US Pharm. 2019;44(3):33-35.

According to a new study by researchers at Children’s Hospital of Philadelphia (CHOP), opioid drugs prescribed to children for pain after a typical pediatric orthopedic procedure may be significantly overprescribed. The patients used less than 25% of the drugs, suggesting a potential risk of opioid diversion. The findings were published on January 16, 2019, in the Journal of Bone and Joint Surgery.

Opioid diversion and nonmedical use of opioids are tremendous challenges as the medical community strives to achieve improved opioid stewardship. This is especially true in orthopedics. Across the country, more than half of all opioid prescriptions were given to patients by orthopedic surgeons.

Additionally, about 40% of adolescents who took opioids for nonmedical reasons had access to them from leftover prescriptions. Adolescents are also more likely to abuse substances as adults if they have used opioids for both medical and non-medical reasons. While younger children are less likely to abuse opioids, accidental ingestion is on the rise and can result in significant injury or death.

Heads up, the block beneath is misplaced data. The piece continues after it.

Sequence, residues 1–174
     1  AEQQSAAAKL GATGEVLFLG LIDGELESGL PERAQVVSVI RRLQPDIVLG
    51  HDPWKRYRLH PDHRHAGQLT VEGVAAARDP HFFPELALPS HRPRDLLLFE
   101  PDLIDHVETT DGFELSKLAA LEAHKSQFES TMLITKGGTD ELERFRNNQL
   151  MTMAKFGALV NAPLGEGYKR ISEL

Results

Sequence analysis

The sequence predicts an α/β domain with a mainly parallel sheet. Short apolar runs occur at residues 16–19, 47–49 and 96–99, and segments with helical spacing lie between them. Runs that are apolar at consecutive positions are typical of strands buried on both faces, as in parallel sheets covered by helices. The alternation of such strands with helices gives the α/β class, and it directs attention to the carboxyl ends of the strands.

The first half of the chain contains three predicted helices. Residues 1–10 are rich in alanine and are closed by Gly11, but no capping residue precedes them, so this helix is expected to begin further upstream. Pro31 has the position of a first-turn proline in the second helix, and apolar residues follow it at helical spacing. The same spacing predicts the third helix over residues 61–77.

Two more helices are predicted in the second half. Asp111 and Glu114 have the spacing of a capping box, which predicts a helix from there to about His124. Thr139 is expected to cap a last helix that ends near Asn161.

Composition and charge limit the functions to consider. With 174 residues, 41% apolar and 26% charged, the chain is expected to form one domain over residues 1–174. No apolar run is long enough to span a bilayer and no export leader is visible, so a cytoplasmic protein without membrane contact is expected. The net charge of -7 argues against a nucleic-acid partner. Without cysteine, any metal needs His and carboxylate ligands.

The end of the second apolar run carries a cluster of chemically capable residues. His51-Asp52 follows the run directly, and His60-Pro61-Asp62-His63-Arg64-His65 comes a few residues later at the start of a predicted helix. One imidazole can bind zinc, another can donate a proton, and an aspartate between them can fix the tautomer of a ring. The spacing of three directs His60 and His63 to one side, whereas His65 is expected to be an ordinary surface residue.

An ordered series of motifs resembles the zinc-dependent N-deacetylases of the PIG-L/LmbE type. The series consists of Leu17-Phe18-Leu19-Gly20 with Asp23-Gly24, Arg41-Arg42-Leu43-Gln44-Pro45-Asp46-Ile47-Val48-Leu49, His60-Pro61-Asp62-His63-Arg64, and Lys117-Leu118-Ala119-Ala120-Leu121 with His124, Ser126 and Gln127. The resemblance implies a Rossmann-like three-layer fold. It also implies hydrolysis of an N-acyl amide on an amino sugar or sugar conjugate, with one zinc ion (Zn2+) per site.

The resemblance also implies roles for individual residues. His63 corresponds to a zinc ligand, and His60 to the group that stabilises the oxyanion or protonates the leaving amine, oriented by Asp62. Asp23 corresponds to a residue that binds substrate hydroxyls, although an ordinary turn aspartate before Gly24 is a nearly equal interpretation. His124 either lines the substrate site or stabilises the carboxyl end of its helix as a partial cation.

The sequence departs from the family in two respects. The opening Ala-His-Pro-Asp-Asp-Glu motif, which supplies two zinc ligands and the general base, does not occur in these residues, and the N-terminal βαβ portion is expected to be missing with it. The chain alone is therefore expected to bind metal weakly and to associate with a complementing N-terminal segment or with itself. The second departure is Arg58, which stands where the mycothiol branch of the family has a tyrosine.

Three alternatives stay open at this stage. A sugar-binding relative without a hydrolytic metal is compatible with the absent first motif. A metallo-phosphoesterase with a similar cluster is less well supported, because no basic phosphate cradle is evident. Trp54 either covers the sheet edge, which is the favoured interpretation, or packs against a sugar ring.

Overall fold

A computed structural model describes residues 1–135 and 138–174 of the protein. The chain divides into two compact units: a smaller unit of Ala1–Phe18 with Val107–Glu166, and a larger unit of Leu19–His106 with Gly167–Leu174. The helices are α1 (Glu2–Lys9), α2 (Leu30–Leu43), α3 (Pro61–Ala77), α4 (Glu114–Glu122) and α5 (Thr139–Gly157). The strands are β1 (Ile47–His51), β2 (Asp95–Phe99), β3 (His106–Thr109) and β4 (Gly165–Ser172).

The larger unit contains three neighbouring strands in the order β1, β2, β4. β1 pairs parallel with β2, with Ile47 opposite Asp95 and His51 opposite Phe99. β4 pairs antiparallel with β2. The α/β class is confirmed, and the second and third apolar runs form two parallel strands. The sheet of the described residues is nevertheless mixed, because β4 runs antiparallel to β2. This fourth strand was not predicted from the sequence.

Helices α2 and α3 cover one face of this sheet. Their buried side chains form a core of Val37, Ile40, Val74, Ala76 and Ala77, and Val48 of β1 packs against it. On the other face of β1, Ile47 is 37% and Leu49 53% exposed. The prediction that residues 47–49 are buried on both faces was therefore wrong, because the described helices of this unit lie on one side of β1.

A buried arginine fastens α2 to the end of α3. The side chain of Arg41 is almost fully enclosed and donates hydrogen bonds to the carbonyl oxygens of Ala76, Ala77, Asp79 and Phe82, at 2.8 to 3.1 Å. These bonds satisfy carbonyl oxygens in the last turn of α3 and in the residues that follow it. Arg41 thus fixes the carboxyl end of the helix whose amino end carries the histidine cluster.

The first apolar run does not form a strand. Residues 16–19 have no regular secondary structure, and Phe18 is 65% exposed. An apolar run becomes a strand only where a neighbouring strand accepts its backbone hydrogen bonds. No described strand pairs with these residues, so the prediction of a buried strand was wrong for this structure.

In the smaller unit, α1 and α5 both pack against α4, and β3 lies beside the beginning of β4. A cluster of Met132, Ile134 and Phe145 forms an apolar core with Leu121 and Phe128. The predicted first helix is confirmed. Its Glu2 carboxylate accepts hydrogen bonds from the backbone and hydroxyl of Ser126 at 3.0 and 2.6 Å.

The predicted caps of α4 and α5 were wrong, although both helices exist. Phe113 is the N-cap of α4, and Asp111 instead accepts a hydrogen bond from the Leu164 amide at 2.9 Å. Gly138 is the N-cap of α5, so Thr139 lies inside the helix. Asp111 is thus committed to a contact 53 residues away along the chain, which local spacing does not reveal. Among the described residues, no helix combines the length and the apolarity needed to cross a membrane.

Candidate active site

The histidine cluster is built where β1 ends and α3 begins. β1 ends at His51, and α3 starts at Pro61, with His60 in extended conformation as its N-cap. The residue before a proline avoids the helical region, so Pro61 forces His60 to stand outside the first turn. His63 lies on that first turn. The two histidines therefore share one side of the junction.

“When we’re prescribing analgesic opioids for young patients, we not only want to avoid overtreating this group of patients but we also want to make sure we’re not undertreating pain as they recover from surgery,” said Apurva Shah, MD, MBA, an orthopedic surgeon at CHOP, co-director of the Brachial Plexus Injury Program and lead author of this study.